Addicted to symbols

We usually talk about addictions to substances (opiates, alcohol, whatever) or behaviours (gambling, porn, etc). But that misses the point. Addiction is entirely psychological, and I think it describes an attachment to a symbol that goes with the feeling provided by the substance or behaviour. The feeling and the symbol are coupled, bonded, and that’s a big part of what makes addiction so hard to beat.

Forget about “physical” addiction for now. I mean the withdrawal symptoms you get when you quit opiates. That’s not addiction; it’s chemical dependency. You also get withdrawal symptoms going off antidepressants or blood-pressure meds. And you don’t get any withdrawal symptoms quitting coke, meth, alcohol (unless you drink a huge amount) or, obviously, porn, sex, overeating, etc. You get psychological rebound, sure, but that’s not the same thing. It surprises me that people continue to confuse these different (but often overlapping) phenomena.

Once we see that addiction is purely psychological, we can break it down, and the categories most valued by psychologists are “cognition” (perceptions, thoughts, images) and “emotion” (feelings, urges, etc).

For some time now I’ve been thinking that the cognitive aspect of addiction is symbolic — entirely — it’s a representation of something. And the reason that symbol is so attractive, so strongly entrenched, is that it’s coupled with emotions like desire, excitement, pleasure, and relief (relief isn’t really an emotion; rather it’s the reduction of an emotion — generally anxiety). It is ALWAYS the case that cognitions and emotions hold each other in place. You think someone is blocking your goals, you feel anger: the anger highlights the image of this goal-blocking person, this shithead, and that image holds the anger in place. I’ve been writing about cognition-emotion coupling for decades….literally dozens of journal articles. But for now, let’s leave the academic abstractions behind and get down to lived experience.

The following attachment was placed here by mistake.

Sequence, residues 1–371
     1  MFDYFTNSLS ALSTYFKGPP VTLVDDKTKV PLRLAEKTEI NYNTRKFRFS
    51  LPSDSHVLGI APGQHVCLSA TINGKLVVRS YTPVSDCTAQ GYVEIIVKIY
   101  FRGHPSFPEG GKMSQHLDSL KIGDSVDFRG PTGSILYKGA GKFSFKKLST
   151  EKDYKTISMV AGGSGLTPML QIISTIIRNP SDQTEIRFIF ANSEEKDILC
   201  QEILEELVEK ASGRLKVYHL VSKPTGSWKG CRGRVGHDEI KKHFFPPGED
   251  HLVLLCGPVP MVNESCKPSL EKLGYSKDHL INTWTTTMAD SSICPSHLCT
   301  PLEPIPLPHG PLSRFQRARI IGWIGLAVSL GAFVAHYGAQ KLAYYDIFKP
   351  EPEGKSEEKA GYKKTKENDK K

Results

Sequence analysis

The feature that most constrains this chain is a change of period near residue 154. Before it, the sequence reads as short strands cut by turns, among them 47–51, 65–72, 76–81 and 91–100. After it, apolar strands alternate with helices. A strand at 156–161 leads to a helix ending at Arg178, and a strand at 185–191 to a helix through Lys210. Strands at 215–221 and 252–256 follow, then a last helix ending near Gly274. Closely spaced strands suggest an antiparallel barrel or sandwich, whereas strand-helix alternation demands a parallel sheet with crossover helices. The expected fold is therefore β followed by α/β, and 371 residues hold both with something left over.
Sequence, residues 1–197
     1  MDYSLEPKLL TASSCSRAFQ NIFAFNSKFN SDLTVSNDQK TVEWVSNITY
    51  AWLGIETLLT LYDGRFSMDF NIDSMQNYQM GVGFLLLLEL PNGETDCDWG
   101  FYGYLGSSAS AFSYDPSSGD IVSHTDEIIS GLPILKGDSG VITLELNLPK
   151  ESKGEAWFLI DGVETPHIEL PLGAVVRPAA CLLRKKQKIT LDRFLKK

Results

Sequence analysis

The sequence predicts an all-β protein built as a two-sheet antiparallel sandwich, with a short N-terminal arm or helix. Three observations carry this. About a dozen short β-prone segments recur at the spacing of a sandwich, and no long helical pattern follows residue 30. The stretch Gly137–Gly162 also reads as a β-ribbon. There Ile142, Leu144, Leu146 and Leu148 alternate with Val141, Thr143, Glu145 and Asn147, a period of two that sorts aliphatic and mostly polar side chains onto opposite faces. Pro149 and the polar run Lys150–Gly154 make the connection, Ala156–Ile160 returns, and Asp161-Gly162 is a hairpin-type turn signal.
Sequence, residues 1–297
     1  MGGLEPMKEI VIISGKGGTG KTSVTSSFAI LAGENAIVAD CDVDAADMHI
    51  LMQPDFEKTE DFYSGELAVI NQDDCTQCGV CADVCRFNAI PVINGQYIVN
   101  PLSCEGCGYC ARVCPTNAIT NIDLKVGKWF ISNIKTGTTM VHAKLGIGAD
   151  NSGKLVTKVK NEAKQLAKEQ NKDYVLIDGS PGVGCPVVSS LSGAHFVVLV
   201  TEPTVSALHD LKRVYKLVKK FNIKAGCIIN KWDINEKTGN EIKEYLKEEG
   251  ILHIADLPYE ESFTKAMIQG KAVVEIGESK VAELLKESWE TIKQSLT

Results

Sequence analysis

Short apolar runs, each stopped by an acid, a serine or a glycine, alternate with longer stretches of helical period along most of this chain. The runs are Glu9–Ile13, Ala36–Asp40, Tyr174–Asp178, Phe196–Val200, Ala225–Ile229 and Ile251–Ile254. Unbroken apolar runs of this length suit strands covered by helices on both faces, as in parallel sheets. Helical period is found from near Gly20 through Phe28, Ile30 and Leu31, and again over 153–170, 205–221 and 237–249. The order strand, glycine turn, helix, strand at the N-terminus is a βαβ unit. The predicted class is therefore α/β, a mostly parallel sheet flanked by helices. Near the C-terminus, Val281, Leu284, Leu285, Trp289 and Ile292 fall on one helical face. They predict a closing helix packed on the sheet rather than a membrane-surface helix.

With addiction, you think this thing, this substance (let’s say a few lines of coke) is valuable and special. And you feel the excitement of anticipation — soon I’m gonna have some. Then you feel the buzz, and doesn’t that feel great? Which strengthens the image, the conception, that coke is valuable and special. See how the thought/image and the feeling (both before and during) fuel each other? Which is why it’s so hard to say No thanks, not tonight.